whole universe as the manifestation of the Lord, as
part of His Lila.  Through bhati you will attain jnana
and after attaining jnana you have to still go beyond
to that which is called para-bhakti.  A mere jnani
says the whole universe is an illusion. But one who
has reached the plane of para-bhakti sees the whole
universe as Brahman. Then he does not call it an
illusion but the Lord's lila, though at the same time
he knows the play to be impermanent and transitory so
he does not get entangled.'
The next day he continued:
'Jnana is born in the womb of bhakti and protected by
bhakti. The jnanis say that the universe is an
illusion. When Ramdas was once in Mount Abu, he was
taken to a mahatma living there known as Swami
Kaivalyananda. Going near to the mahatma Ramdas
prostrated before him. The latter sprang up and asked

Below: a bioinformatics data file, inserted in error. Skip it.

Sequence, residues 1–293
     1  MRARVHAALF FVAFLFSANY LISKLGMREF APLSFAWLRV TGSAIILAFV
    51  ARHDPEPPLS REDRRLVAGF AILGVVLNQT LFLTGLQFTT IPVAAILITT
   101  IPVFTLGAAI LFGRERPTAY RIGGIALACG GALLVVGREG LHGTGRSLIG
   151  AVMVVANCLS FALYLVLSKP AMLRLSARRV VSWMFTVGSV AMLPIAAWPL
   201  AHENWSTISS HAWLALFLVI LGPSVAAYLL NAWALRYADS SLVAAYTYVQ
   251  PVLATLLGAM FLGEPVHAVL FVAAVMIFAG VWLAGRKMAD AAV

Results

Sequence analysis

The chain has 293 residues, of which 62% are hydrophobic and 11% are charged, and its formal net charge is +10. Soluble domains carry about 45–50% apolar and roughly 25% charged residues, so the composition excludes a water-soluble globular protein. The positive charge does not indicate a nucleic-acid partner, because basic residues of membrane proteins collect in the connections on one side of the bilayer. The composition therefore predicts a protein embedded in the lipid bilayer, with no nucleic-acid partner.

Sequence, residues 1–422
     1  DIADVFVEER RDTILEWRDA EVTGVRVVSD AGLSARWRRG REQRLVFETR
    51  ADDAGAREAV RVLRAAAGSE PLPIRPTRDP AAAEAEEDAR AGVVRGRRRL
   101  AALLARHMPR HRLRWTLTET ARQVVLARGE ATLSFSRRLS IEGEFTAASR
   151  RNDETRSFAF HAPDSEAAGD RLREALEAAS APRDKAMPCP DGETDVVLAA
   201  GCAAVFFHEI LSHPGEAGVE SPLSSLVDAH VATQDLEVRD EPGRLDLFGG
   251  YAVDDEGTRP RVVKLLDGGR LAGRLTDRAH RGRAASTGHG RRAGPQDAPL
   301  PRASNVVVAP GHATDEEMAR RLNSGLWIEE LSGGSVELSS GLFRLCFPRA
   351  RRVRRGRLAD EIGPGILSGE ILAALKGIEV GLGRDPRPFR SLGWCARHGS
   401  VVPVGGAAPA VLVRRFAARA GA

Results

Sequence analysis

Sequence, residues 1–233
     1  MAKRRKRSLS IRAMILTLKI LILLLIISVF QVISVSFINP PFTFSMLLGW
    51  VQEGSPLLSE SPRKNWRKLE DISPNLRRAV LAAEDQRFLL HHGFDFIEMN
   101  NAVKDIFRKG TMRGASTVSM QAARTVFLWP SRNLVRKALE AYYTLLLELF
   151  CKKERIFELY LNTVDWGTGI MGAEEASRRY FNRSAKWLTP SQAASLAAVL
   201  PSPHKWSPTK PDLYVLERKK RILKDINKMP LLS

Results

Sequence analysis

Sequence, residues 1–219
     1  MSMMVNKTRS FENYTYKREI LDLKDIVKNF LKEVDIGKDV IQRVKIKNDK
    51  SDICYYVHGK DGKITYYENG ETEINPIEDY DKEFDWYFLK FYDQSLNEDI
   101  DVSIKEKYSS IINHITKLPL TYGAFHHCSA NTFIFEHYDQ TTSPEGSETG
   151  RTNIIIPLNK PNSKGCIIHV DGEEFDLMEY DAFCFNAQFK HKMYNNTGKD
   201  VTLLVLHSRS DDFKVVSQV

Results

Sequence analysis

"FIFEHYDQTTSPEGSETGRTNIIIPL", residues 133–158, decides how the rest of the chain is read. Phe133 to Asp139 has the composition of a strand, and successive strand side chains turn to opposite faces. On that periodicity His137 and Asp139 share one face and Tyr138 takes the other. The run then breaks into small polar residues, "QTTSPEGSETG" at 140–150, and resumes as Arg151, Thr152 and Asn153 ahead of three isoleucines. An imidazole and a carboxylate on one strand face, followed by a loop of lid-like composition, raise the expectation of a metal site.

Ramdas, 'To whom are you prostrating?' Ramdas replied,
'Ramdas is prostrating to Ram.'  He asked again, 'Are
you not the same Ram?' Ramdas said, 'Yes, Ram is in
Ramdas also. He knows he is one with Ram but at the
same time he wants to be His child and to protrate
before Him as does a child to its mother.' Swami
Kaivalyananda said, 'Oh that is all false. the whole
universe is an illusion. There is only one, not two.'

Later Ramdas says:
'Sri Sankara was no doubt a great advaitin who
proclaimed that Brahman alone is real but he admitted
that the manifest and the unmanifest are both Brahman.
 He also established various temples and Maths, wrote
many stotras glorifying the Divine Mother and
composing songs like Bhaja Govindam which lay stress
on bhakti. These show that he was not a mere jnani but
had attained the highest stage of pure bhakti. Sri
Shankara is not properly understood nowadays.'

I draw no conclusions from the above nor are they
quoted to oppose but merely to aid those who may be
inspired by such words. The Holy Tradition will find
its channels particular to each of us and at that time
of discovery these words were precise for me,

Om sri ram jai jai ram

Ken Knight